• Otherwise, compare the node with the existing one in the map and if the height of the new node is greater, update in the Map.

Code

``````#include <bits/stdc++.h>
#include <map>
using namespace std;

// Tree node class
struct Node
{
// data of the node
int data;

// horizontal distance of the node
int hd;

//left and right references
Node * left, * right;

// Constructor of tree node
Node(int key)
{
data = key;
hd = INT_MAX;
left = right = NULL;
}
};

void printBottomViewUtil(Node * root, int curr, int hd, map <int, pair <int, int>> & m)
{
// Base case
if (root == NULL)
return;
if (m.find(hd) == m.end())
{
m[hd] = make_pair(root -> data, curr);
}
else
{
pair < int, int > p = m[hd];
if (p.second <= curr)
{
m[hd].second = curr;
m[hd].first = root -> data;
}
}

// Recur for left subtree
printBottomViewUtil(root -> left, curr + 1, hd - 1, m);

// Recur for right subtree
printBottomViewUtil(root -> right, curr + 1, hd + 1, m);
}

void printBottomView(Node * root)
{

// Map to store Horizontal Distance,
// Height and Data.
map < int, pair < int, int > > m;

printBottomViewUtil(root, 0, 0, m);

// Prints the values stored by printBottomViewUtil()
map < int, pair < int, int > > ::iterator it;
for (it = m.begin(); it != m.end(); ++it)
{
pair < int, int > p = it -> second;
cout << p.first << " ";
}
}

int main()
{
Node * root = new Node(20);
root -> left = new Node(8);
root -> right = new Node(22);
root -> left -> left = new Node(5);
root -> left -> right = new Node(3);
root -> right -> left = new Node(4);
root -> right -> right = new Node(25);
root -> left -> right -> left = new Node(10);
root -> left -> right -> right = new Node(14);
printBottomView(root);
return 0;
}``````

Output

Time ComplexityO (n*log n): As we are using a map to store key-value pairs while traversing the binary tree, the time complexity of a single insertion being O(logn) in the map, the overall complexity becomes O(n*log n).

Space Complexity: O(n): Storing the key-value pairs in a map corresponding to different horizontal distances contributes to space complexity.
Check out this problem - Largest BST In Binary Tree

### What is the bottom view of the tree?

The bottom view of a binary tree refers to the bottommost nodes present at their horizontal distance. For the nodes of a binary tree, the horizontal distance is defined as follows: Horizontal distance of the root = 0.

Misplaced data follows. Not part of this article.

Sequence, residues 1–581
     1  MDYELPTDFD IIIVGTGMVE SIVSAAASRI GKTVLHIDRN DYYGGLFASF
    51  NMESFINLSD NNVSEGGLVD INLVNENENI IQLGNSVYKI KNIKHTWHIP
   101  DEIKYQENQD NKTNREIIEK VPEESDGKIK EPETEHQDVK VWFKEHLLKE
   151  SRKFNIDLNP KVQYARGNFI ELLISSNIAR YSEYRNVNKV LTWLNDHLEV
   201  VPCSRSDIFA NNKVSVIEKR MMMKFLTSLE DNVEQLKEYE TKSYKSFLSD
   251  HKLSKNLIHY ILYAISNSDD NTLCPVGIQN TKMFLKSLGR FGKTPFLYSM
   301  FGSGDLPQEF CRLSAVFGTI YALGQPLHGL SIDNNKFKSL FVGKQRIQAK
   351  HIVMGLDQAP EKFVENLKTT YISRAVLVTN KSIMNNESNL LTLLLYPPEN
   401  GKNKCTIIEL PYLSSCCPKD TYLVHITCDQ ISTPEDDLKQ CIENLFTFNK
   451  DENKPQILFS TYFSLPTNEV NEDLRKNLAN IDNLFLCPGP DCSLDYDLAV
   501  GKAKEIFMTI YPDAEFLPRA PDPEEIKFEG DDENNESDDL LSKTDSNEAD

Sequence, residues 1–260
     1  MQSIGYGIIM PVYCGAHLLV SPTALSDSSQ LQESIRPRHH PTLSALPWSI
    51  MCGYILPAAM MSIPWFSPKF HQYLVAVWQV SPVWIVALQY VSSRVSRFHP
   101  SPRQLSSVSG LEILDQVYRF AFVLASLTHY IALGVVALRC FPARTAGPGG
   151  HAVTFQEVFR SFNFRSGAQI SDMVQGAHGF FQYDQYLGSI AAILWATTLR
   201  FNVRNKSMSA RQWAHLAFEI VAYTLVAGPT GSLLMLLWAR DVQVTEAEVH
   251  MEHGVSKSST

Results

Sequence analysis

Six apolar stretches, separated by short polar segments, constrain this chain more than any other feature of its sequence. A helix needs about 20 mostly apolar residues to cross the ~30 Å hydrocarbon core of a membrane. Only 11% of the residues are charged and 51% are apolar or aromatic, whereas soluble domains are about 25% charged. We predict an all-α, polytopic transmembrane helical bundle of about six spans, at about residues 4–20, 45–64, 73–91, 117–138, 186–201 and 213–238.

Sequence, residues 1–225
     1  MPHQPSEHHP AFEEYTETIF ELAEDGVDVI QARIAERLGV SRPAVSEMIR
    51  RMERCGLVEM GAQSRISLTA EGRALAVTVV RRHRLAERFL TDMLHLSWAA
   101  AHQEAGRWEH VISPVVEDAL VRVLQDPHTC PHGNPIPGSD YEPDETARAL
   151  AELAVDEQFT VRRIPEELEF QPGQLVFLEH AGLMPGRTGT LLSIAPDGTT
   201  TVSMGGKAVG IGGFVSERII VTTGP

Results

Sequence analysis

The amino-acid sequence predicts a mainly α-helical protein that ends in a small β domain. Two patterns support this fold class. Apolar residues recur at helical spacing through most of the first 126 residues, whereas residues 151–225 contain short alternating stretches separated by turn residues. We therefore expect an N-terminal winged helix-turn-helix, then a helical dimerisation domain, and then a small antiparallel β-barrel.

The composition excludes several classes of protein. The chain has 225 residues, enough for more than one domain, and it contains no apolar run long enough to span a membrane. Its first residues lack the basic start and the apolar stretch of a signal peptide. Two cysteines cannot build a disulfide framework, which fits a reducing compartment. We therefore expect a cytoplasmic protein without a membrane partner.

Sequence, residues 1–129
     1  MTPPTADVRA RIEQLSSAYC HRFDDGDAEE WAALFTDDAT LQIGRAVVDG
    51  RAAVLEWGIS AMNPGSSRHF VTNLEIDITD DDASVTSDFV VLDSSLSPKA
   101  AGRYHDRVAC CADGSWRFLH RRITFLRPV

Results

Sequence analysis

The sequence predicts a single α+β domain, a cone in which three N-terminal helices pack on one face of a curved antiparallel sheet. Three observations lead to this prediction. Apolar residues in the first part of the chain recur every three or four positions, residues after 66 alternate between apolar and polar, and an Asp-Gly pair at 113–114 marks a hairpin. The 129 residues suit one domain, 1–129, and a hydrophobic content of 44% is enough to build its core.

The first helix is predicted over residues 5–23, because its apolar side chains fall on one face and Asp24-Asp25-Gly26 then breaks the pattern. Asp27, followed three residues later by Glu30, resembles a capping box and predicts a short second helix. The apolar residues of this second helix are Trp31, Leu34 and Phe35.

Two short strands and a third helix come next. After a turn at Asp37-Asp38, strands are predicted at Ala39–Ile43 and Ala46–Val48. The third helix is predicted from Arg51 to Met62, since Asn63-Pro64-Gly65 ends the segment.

### What is the top view of the binary tree?

The top view of a binary tree is the set of nodes visible when the tree is viewed from the top. Given a binary tree, print the top view of it. The output nodes can be printed in any order. A node x is there in the output if x is the topmost node at its horizontal distance.

### How do you display a binary tree?

You start traversing from the root, then go to the left node, then you again go to the left node until you reach a leaf node. At that point in time, you print the value of the node or mark it as visited and move to the right subtree. Continue the same algorithm until all nodes of the binary tree are visited.

### Is an empty tree a binary tree?

The formal recursive definition is: a binary tree is either empty (represented by a null pointer), or is made of a single node, where the left and right pointers (recursive definition ahead) each point to a binary tree.

## Conclusion

In this blog, we learned how to find the right view of a binary tree and how we can use different approaches to solve this problem.

• In the first approach, we used a queue to implement the bottom view of a binary tree. The time complexity is O(N*log N) and the space complexity is O(N).
• In the second approach, we used HashMap() to implement the bottom view of a binary tree. The time complexity is O(N*log N) and the space complexity is O(N).

If you want to learn about finding more information regarding the bottom view of a binary tree, we have a separate article that covers the approaches used to solve the problem. Do give it a read.